Let’s address the center of gravity. The lower the center of gravity is in the club head, the higher the ball will launch and the less the ball will spin because of, well, physics. The club companies are constantly searching for and finding ways to drive the center of gravity lower and lower. Clubs are launching much higher with much less spin than what we were seeing just 5 years ago. Since the speed is governed, higher launch and lower spin are really the only ways to gain distance now, so that’s what the manufacturers engineers are chasing.
The other major trend in equipment is the adjustability of the club. Adjustable equipment has been around for a while, but now it is truly being perfected. The old method of fitting a driver was hitting 400 (not really that many but it felt like it) drivers until a head/shaft combo clicked for you and then hopefully the one ordered from the manufacturer would produce the same results. Now companies have heads that either only come in one loft, or a couple lofts, but are adjustable so we can change the effective playability of the equipment. Almost all of today’s drivers have the capability of adjusting both the effective loft as well as the lie angle to help with face impact as well as accuracy. Quite a few drivers also offer us the ability to move the horizontal center of gravity from heel to toe. By moving weight toward the heel and closer to the shaft (axis of rotation), we increase the rate of rotation of the clubhead and help close the face a little faster for those who have a tendency to curve the ball to the right (or left for a lefty). As we move the weight out toward the toe, we’re moving the center of gravity farther from the shaft, the rate of rotation will slow helping to keep the face a little more open for those who have a tendency to hook the ball, like me. This allows us to fine tune the rotation of the club head to match each player’s unique swing.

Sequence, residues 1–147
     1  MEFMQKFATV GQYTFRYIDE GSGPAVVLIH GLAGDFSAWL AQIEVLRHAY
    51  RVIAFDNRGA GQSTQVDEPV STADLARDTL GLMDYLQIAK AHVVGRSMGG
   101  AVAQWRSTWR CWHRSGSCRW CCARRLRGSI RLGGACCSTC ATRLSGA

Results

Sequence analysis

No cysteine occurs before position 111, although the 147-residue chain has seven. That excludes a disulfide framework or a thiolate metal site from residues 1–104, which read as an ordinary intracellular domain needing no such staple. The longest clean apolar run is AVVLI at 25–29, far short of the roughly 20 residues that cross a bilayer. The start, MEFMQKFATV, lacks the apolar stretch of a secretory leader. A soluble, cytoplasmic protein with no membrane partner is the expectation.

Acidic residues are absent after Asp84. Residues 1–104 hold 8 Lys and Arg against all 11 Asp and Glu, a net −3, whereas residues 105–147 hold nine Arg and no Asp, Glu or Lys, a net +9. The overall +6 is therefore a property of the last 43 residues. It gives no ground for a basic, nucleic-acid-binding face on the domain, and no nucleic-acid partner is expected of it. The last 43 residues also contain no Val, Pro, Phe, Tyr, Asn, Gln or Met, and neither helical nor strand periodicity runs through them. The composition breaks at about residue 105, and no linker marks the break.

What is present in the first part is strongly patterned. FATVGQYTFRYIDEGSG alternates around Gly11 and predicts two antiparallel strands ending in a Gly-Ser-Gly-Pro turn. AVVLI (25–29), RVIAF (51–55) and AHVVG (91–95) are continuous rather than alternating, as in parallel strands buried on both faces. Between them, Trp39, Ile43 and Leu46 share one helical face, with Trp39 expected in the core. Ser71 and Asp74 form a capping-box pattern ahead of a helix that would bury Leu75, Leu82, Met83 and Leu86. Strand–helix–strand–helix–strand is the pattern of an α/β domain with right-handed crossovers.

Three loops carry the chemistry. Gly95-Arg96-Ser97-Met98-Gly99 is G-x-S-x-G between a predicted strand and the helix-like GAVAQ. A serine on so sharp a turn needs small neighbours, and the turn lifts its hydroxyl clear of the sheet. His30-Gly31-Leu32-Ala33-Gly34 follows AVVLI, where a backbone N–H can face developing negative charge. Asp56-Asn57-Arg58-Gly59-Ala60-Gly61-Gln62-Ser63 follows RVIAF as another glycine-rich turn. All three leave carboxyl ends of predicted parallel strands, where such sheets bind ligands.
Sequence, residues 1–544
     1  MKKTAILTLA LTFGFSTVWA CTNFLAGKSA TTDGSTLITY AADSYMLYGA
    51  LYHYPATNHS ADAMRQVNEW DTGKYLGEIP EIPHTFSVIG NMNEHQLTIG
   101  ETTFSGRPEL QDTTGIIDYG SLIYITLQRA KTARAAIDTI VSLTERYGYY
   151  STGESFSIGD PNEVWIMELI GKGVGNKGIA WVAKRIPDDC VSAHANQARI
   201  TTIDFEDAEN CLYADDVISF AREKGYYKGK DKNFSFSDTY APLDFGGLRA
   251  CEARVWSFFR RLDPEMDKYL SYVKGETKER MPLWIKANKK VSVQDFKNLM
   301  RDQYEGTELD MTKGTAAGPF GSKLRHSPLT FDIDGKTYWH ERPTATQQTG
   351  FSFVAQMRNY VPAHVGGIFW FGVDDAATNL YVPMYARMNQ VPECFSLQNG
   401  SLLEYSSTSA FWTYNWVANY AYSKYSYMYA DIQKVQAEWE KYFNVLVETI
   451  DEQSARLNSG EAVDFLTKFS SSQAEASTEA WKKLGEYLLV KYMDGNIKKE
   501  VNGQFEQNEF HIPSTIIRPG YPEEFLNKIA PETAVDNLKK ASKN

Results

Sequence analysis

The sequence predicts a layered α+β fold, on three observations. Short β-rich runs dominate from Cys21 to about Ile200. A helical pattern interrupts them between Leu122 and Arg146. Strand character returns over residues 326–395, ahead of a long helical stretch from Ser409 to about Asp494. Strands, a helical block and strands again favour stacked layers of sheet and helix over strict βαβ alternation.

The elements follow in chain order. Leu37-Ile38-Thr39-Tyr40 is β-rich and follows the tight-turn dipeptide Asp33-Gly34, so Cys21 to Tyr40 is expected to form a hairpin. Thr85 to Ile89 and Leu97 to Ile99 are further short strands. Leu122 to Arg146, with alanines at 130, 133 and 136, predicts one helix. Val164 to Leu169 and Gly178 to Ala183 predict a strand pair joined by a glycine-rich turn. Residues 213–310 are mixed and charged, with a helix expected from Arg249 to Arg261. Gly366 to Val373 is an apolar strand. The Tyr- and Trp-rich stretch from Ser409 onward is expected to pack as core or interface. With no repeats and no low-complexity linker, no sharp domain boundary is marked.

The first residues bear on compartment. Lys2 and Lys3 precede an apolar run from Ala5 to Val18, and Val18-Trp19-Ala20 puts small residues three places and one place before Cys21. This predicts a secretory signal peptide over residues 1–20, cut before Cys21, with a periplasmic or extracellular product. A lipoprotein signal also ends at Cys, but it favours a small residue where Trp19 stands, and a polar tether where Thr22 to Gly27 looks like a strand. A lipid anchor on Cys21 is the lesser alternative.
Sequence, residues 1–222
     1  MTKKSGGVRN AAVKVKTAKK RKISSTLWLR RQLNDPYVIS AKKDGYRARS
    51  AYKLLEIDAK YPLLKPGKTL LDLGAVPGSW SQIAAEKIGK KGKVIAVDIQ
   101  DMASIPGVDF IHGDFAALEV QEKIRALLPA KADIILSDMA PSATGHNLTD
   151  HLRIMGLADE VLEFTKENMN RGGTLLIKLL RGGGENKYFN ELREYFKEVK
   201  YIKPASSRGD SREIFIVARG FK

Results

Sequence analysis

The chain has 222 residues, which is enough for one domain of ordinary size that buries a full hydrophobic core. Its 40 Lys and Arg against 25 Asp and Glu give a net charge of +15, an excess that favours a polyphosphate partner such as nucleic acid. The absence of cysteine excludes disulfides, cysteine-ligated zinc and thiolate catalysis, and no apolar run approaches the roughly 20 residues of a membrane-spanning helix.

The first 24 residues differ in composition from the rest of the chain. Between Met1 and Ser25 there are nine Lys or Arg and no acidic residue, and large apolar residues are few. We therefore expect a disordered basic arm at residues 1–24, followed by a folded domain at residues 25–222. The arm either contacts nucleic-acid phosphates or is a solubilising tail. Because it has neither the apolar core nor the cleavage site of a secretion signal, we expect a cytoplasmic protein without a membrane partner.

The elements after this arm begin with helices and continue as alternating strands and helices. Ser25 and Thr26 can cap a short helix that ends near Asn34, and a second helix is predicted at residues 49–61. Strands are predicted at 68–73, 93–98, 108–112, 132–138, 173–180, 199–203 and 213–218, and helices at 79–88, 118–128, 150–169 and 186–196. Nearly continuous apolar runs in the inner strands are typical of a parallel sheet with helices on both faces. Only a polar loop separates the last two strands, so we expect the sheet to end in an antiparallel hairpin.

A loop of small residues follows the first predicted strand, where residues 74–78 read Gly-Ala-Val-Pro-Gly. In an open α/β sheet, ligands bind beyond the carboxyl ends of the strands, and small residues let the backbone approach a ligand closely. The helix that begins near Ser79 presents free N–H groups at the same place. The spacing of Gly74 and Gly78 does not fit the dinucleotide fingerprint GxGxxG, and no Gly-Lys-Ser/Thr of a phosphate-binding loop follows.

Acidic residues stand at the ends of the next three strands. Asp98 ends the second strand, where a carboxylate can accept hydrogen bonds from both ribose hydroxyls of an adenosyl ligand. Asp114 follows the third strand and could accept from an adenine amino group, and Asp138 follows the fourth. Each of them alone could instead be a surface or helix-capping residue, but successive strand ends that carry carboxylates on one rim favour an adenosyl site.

So now that we have the ability to change effective loft, lie angle, center of gravity, and shaft, we should be able to just go in and grab any driver and as long as it’s set up correctly it’ll work right? Nope. Because of all of the head, shaft, face position, and center of gravity options we have, a single driver from a single company may have thousands of setup options. The only way to truly know which setup is proper for you is to get fit by someone who knows what they’re doing. By combining the most advanced ball flight monitor technology with the most technologically advanced, adjustable drivers we have ever seen, it’s more important than ever to get properly fit in an authorized fitting center, like The Cluboratory at Miles of Golf. Call the golf shop at 877.973.9005 (Ann Arbor) or 513.870.9057 (Cincinnati) to schedule a fitting or discuss the wide range of fitting options with one of our certified club fitters.
Written by Shawn Zawodni, Club Fitter